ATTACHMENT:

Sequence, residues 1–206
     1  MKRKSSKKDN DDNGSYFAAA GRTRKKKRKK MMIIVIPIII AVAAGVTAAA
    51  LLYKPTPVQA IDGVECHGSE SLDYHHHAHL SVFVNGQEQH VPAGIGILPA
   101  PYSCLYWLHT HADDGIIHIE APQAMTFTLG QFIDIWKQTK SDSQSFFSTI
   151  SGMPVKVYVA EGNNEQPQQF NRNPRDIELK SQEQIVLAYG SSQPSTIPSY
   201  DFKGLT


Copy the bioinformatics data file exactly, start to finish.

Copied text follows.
Sequence, residues 1–206
     1  MKRKSSKKDN DDNGSYFAAA GRTRKKKRKK MMIIVIPIII AVAAGVTAAA
    51  LLYKPTPVQA IDGVECHGSE SLDYHHHAHL SVFVNGQEQH VPAGIGILPA
   101  PYSCLYWLHT HADDGIIHIE APQAMTFTLG QFIDIWKQTK SDSQSFFSTI
   151  SGMPVKVYVA EGNNEQPQQF NRNPRDIELK SQEQIVLAYG SSQPSTIPSY
   201  DFKGLT